The invention of LEEP Lenses

Eric Howlett, inventor and entrepreneur, who worked at MIT and General Electric in the field of optics and electronics, made a breakthrough in the world of virtual reality headsets thanks to “wide-angle” lenses, the LEEP (Large Expanse, Extra Perspective) lenses. Like all the pioneers we’ve seen so far, Howlett needed funding and proposed his concept to Kodak and Polaroid, and they weren’t interested. After a few years, it was NASA that contacted him to fund his invention. In fact, NASA had just opened a « Virtual Environment » department to create a helmet, the « VIVED » helmet in partnership with VPL research. In 1989 NASA asked Howlett to supply LEEPs to VPL research and he realized that VPL research was going to sell his helmet more than $ 10,000 on the public market without giving him money for the device. In response and independently of NASA, he decided to build his own helmets and created the “CyberFaces” and unfortunately it wasn’t a big success. Nowadays, all modern helmets are equipped with this LEEP technology, allowing to enlarge the FoV (Field Of View) which is used to define the visual field. During the Cold War, fighter aircraft had hugely evolved technologically and the pilots were overwhelmed. The pilots were left with so many control buttons to manage that they had difficulties in choosing the right sequence of manipulations, and being effective. Thomas Furness III, inventor, a professor in the Department of Industrial Engineering and Systems at the University of Washington, founder of the Human Interface Technology Lab, was inspired by the work of Edwin Albert Link, and improve the training of the drivers through the VR. Financed by the Defense, Furness offered the pilots a training session during which they had to wear an RV helmet while sitting in a cockpit model. The helmet was nicknamed « Darth Vader ». From 1991 to 2009, different kinds of helmets made their appearance on the market, without much success.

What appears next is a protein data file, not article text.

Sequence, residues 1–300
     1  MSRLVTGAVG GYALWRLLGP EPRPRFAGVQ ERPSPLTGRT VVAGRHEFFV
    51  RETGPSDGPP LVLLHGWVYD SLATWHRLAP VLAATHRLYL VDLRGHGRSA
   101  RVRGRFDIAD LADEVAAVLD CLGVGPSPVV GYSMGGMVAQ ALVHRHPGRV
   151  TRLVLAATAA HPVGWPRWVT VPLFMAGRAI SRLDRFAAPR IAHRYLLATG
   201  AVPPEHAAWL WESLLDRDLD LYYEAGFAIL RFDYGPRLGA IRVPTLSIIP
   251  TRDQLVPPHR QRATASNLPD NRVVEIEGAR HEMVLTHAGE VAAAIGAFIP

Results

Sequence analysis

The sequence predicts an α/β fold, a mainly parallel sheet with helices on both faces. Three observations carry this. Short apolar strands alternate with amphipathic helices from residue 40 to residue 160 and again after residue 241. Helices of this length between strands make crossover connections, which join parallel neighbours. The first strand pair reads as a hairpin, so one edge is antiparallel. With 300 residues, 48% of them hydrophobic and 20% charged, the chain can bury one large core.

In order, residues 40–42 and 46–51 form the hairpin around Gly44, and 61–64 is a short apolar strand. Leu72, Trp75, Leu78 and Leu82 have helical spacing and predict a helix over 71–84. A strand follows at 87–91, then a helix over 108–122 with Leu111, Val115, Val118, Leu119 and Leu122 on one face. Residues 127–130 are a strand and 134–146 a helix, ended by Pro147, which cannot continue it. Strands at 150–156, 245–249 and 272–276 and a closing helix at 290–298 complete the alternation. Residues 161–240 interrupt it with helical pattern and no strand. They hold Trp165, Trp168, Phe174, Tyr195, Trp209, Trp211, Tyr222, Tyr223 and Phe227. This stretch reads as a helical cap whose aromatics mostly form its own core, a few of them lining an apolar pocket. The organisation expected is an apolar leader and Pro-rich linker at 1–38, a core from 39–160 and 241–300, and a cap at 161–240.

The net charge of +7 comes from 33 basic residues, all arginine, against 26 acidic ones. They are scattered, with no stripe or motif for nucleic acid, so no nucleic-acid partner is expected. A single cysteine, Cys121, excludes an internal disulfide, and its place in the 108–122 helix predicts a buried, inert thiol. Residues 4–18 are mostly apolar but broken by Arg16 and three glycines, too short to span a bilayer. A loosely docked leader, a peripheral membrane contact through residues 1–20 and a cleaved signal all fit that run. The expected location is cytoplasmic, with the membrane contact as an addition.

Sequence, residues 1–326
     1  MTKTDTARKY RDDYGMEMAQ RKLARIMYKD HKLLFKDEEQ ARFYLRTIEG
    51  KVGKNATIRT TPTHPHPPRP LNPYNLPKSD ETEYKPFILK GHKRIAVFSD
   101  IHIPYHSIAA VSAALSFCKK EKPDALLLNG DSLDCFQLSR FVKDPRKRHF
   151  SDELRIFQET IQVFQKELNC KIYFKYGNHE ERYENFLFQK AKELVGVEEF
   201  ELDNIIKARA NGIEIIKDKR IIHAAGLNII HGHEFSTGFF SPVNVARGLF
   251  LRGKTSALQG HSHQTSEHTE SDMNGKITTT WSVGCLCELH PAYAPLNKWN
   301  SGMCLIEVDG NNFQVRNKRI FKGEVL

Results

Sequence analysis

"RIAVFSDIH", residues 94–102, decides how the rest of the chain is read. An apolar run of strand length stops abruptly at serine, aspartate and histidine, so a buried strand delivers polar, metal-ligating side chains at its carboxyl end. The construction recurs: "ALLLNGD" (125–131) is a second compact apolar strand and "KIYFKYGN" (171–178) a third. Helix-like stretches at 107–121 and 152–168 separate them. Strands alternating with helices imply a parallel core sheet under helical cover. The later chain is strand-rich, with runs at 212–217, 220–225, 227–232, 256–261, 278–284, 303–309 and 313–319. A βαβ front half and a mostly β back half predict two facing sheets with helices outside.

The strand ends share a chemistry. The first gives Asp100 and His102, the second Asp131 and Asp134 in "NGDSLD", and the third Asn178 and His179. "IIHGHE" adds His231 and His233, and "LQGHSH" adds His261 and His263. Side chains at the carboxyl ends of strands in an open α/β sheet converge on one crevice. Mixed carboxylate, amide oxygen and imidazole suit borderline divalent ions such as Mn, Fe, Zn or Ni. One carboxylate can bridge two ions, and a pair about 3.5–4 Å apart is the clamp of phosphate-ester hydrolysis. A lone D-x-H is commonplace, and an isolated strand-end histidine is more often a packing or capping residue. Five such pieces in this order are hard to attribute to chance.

The History of virtual reality – Part 1

The passion of Palmer Luckey

In 2009, 16-year-old Palmer Luckey is both an electronic fan and a geek (passionate about the High Tech field and by extension by several specific areas including video games) At that time the video games that at that time knew a revolution, the 3D technology. Interested about this revolution Palmer makes an inventory of available technologies: 3D screens, VR920, HeadPlay, Z800, but finds flaws in each of these devices. After some researches, he announced on a forum of discussions, that he was beginning to construct his own helmet, based on the works of the lenses Leep. He made several rather convincing prototypes on which he communicated through photos posted on the internet and forums and that’s how he found a job. During his study, he was debauched by a university (ICT) to work in the laboratory of « mixed reality ». Their project was to design a VR headset to low cost.

In early 2012, John Carmack, also tries to build a VR helmet, and was actually inscribed on the same forum where Palmer showed the evolution of his research, they shared, exchanged and from there was born a complicity a friendship. Together they improved Palmer’s prototype and gave birth to the « Kickstarter » helmet, which is actually the grandfather of the current Oculus Rift.

The History of virtual reality – Part 1

Palmer decided to give up his studies and create the company « Oculus VR », to launch the Kickstarter campaign. This collaborative fundraising campaign raised $ 2.4 million. In 2014, Facebook acquires Oculus VR for $ 2 billion. Palmer Luckey joins Mark Zuckerberg’s company. On March 31, 2017, Palmer Luckey officially resigns from Facebook after several months of absence and media silence. Also in 2014, Sony announced its project of virtual reality headset for their home console, and after a while, it becomes Playstation VR. Samsung announces also their virtual reality headset, initially called “Gear VR” and later renamed as Samsung Gear VR. November 2015, the Samsung Gear VR is available for purchase. In 2016, several virtual reality headsets were marketed. Among them, the Oculus Rift released in March, and the Playstation VR in October. The year 2015 – 2016 was a huge boom for the virtual reality headset market. Today, many helmets are on the market, but there are still limits. Being still at the dawn of its possibilities, virtual reality has a problem of content!